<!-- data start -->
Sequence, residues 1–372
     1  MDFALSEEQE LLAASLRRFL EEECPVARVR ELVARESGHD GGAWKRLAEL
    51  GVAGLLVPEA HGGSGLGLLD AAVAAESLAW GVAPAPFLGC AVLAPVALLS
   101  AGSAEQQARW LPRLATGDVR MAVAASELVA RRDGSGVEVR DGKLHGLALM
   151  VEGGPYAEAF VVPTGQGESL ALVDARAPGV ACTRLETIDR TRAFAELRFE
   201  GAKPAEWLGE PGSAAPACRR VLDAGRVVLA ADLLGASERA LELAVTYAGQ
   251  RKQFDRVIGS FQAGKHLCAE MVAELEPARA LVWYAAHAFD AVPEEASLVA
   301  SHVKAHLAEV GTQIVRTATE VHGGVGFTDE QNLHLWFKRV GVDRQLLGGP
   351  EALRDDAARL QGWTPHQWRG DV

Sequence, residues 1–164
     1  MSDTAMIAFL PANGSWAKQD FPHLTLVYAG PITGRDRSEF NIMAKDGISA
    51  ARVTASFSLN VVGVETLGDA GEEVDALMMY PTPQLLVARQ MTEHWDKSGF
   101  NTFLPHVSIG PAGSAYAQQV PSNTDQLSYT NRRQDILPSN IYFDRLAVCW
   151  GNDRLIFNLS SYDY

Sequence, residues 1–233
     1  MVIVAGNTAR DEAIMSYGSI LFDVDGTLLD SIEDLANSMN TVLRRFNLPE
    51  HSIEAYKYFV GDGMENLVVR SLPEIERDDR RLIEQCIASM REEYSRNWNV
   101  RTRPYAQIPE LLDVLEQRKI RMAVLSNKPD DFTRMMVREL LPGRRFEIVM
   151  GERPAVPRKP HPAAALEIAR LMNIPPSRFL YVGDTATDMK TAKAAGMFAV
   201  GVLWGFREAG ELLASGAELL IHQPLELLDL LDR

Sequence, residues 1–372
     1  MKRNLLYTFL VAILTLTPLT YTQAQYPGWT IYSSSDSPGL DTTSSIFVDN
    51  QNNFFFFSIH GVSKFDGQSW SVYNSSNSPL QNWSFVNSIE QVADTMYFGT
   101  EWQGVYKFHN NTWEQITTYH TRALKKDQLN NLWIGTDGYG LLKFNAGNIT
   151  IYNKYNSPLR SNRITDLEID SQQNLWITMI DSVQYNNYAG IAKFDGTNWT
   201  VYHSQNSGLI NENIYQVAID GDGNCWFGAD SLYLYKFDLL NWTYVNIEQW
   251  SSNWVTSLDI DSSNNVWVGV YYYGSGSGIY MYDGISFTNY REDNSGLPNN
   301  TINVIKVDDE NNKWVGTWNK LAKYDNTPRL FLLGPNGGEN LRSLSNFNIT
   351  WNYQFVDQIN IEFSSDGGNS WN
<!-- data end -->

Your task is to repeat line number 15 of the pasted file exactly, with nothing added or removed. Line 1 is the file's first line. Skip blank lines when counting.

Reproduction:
Sequence, residues 1–233